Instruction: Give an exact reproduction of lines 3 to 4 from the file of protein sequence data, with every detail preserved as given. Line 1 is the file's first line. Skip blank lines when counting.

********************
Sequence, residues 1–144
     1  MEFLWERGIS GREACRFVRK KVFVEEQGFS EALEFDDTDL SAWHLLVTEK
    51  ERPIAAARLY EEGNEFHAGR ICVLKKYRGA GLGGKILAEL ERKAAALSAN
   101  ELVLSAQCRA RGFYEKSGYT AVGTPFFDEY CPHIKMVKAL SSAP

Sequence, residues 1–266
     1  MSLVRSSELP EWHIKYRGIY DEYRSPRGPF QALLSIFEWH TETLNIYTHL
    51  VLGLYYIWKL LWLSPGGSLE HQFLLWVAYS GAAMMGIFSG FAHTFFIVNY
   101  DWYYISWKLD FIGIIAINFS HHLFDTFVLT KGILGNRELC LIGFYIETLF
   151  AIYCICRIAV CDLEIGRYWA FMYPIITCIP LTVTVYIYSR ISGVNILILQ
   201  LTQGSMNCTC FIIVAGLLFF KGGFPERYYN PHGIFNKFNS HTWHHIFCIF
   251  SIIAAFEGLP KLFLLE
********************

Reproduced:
    51  ERPIAAARLY EEGNEFHAGR ICVLKKYRGA GLGGKILAEL ERKAAALSAN
   101  ELVLSAQCRA RGFYEKSGYT AVGTPFFDEY CPHIKMVKAL SSAP